About phonics teaching 12Principles of effective phonics teaching 12Phonics methods 15

    Sequencing phonics instruction 16

    The NSW English K6 syllabus and the Four Literacy Resources model 20Being explicit and systematic about teaching phonics in a balanced andintegrated literacy program 22

    Three key strategies: Modelled, guided and independent teaching 24

    Early years teachers talk about teaching phonics in their literacy sessions 26

    Explicit phonics teaching in action 29Navigating this section of the guide 29At a glance: The phonics aspect of the Literacy Continuum 30A process for explicit and systematic phonics teaching 31

    The process in action: Phonics 32

    Bibliography 48

    Appendices 50Appendix 1 Glossary 50

    Appendix 2 Websites for additional information and support 53Appendix 3 Supporting students with significant difficulties in learning to read 54

    Appendix 4 Supporting Aboriginal students 55

    Appendix 5 Supporting students who are learning English as a secondlanguage (ESL) 56

    Appendix 6 Supporting students from low socio-economic backgrounds 57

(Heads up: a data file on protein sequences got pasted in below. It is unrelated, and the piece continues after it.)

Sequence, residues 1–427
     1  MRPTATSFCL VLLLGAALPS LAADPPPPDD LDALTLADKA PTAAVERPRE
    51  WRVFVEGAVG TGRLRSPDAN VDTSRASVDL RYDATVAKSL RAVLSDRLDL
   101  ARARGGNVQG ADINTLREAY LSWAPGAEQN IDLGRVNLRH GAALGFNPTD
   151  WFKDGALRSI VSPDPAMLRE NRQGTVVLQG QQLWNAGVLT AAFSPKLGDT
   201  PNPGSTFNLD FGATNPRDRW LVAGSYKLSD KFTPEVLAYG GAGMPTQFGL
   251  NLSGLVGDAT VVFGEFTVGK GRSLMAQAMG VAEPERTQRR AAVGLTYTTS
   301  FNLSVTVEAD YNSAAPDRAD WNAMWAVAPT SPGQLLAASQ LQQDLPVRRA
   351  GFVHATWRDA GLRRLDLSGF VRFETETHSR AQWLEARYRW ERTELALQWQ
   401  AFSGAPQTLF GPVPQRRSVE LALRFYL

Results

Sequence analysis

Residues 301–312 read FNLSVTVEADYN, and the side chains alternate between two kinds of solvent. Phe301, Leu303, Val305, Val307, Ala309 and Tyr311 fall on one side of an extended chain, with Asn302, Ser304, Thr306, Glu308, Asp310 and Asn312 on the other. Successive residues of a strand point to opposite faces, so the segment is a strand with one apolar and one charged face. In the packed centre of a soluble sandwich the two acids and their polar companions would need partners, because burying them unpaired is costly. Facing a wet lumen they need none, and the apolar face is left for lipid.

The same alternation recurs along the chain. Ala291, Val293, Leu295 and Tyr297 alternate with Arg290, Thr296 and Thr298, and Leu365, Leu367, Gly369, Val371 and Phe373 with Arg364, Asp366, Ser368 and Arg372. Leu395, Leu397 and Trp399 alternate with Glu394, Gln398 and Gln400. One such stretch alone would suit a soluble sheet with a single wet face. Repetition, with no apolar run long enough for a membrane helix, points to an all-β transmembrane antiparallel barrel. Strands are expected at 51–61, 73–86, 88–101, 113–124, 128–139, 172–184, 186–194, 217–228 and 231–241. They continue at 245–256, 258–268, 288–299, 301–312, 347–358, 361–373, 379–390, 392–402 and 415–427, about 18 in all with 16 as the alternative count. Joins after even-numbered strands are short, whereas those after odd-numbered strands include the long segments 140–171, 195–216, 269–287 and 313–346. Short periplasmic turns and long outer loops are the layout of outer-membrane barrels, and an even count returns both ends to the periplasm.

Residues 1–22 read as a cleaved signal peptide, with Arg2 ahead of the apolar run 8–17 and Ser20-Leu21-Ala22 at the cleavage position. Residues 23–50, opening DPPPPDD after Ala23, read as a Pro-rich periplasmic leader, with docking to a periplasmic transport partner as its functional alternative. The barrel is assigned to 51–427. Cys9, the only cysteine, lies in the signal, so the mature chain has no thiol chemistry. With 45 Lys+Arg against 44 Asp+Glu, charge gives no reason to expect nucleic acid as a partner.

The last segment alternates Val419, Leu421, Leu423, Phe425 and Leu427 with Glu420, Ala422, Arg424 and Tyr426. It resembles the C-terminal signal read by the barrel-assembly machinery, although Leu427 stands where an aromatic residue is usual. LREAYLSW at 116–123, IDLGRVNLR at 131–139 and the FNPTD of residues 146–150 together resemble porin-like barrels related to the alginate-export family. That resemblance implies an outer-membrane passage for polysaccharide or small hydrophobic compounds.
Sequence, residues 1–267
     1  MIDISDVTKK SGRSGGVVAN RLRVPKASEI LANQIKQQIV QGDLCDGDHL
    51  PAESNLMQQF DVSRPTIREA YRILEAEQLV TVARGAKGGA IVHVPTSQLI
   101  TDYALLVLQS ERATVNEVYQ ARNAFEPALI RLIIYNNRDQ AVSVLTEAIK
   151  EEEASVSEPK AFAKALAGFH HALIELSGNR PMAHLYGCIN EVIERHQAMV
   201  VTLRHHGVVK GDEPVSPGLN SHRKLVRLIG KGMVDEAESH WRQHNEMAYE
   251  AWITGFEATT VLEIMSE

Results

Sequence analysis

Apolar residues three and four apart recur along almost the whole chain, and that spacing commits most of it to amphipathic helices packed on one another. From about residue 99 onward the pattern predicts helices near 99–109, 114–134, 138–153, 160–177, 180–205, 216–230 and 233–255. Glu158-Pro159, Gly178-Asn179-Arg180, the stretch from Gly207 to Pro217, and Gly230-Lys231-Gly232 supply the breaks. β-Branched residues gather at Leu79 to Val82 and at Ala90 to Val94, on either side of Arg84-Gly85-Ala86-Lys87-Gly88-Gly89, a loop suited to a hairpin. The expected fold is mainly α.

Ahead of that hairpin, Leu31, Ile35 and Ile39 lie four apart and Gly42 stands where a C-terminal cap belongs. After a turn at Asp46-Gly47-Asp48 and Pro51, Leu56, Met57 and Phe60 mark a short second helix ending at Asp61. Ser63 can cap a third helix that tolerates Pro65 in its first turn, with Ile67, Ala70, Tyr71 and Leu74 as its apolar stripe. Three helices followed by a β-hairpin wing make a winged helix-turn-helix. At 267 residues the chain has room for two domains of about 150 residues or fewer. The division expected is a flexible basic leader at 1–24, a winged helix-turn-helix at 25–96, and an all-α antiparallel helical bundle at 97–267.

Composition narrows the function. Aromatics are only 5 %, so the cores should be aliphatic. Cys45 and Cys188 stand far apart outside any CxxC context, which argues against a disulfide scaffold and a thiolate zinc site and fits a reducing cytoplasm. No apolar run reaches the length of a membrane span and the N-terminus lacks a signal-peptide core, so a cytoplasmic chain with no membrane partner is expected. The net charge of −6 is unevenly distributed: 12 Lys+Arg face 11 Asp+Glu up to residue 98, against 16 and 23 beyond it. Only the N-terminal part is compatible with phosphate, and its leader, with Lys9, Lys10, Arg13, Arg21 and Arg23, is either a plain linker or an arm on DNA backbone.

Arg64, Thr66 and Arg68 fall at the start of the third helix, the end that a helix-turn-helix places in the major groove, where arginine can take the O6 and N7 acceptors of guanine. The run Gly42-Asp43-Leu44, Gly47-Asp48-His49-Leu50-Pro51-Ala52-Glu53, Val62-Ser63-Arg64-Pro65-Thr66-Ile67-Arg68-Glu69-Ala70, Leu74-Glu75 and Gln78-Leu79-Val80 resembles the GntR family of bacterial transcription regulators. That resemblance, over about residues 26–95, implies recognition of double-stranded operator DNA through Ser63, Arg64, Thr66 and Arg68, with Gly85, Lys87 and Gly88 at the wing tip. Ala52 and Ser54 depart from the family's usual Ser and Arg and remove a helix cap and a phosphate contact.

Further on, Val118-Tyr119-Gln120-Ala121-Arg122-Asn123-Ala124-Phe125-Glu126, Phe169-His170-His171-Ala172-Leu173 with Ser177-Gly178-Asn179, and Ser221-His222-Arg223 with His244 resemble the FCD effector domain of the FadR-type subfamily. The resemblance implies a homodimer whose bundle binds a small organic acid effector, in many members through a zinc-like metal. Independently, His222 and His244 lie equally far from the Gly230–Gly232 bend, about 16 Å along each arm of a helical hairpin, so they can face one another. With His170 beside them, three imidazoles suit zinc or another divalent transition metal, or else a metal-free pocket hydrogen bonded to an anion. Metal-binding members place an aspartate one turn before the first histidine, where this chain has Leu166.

Appendix 7 The Four Literacy Resources model 58Appendix 8 Linking the NSW English K6 syllabus and the Literacy Continuum 59Appendix 9 Ideas for practising and applying phonics learning 63

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    Introduction

    PurposeThis resource has been developed to help teachers gain deeper insights into theteaching of phonics. It offers advice on why and how to teach phonics andprovides a range of teaching and learning strategies to develop studentsphonics knowledge and skills.

    In simple terms, phonics involves knowing the connections between printedletters (and combinations of letters) and speech sounds. For example, studentsshow their phonics knowledge when they are asked to point to the letter mand provide the sound it makes.

    Phonics instruction involves teaching students to know the relationshipsbetween letters and sounds and how to use this knowledge to recognise wordswhen reading, and to spell words when writing.